The “Raptor Free Flight” was highly recommended by LuAnn of Paint Your Landscape and it did not disappoint.  Birds soar completely untethered and fly close overhead…. what a unique experience

Desert Museum
Falcon in flight
Desert Museum
Hummingbird

The Hummingbird Aviary alone was worth admission.  A volunteer, otherwise known as a Docent, was passionate about these little beauties.  She pointed out the tiny nests and shared details on their habitat.  Al had one flutter within inches of his face.  It was tough pulling ourselves away.

Desert Museum
Arizona – Sonora Desert Museum

We spent almost three hours strolling the Desert Museum and would definitely return.  Our time in Tucson was way too short and Al and I promise each other a longer stay next winter.Tucson

Saguaro Cactus

I find the Saguaro Cactus intriguing.   As a kid growing up in the Midwest, I thought this three armed cactus was a fabrication of cartoonists.  I remember watching cartoons like the Road Runner, Huckleberry Hound, and of course Bugs Bunny.  The background contained scenes of Red Rock, Cactus, and the ever abundant tumbleweed…..all foreign to a young gal growing up in Illinois among cornfields.Saguaro Cactus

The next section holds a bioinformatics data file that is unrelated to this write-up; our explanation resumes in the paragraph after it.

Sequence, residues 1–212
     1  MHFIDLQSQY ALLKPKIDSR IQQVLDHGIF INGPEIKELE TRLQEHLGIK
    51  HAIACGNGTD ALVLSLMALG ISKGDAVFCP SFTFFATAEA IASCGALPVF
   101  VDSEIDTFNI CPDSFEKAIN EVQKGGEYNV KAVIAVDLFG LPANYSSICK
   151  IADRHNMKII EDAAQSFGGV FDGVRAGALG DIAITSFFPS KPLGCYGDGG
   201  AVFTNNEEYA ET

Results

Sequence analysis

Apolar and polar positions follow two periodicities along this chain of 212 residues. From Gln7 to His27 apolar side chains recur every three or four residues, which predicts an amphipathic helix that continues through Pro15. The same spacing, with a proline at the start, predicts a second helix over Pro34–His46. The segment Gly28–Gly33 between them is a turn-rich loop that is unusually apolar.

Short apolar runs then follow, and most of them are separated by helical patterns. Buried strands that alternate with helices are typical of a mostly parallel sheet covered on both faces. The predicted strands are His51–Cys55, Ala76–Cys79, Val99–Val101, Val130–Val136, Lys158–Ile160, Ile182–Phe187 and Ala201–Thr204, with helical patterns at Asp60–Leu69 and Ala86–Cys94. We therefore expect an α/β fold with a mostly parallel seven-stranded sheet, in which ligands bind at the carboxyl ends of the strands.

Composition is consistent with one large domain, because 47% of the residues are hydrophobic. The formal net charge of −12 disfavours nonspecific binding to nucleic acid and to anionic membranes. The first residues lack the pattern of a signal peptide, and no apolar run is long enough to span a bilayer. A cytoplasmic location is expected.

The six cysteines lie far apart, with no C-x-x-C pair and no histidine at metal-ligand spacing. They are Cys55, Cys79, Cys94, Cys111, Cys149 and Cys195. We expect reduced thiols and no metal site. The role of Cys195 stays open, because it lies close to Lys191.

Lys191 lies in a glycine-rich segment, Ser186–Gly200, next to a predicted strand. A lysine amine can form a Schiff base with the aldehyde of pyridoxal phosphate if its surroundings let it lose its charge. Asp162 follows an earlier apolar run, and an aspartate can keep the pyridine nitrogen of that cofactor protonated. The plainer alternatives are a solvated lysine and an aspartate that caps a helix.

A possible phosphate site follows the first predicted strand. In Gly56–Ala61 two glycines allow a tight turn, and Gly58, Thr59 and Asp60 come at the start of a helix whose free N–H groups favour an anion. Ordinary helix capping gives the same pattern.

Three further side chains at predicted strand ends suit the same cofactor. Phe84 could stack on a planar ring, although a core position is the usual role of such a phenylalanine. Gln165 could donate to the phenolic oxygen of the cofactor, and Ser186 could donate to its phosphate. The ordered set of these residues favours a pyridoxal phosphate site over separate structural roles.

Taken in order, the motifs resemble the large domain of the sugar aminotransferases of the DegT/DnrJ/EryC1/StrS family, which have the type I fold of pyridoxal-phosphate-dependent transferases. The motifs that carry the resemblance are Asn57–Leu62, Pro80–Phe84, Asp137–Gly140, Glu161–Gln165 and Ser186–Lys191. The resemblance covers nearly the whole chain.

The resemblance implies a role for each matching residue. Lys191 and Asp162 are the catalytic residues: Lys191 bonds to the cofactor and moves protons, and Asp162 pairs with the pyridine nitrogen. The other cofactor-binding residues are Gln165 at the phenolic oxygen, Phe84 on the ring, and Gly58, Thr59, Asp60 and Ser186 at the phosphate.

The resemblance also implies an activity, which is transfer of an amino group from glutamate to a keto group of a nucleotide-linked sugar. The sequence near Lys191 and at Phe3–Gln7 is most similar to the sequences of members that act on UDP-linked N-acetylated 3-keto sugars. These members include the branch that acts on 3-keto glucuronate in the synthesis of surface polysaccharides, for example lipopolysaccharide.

Each saguaro cactus is unique and appears to have a personality of its own.  It took me weeks of living amongst these beauties before I was even able to pronounce the name saguaro correctly…. pronounced:  se’warou.

saguaro cactus
note the bicyclist on the trail between the saguaros – sense of scale

The saguaro is a large, tree-sized cactus which can grow as tall as 70 feet (20 meters).  It is native to the Sonoran Desert in Arizona, some parts of southern California and northern Mexico.  Saguaros have a relatively long life span, averaging 150-175 years of age with some living as long as 200 years.   It can take 50 to 70 years for a saguaro to develop a side arm.  Arms are grown to increase the plant’s reproductive capacity…..more apices lead to more flowers and fruit.saguaro flower

Saguaros are very slow growing and may only grow an inch or two its first eight years.  The growth rate is determined by climate, precipitation, and location.  Whenever it rains, saguaros soak up the rainwater and the cactus will visibly expand.  This might explain why the desert feels so alive after a rainfall.  The cacti are doing a happy dance!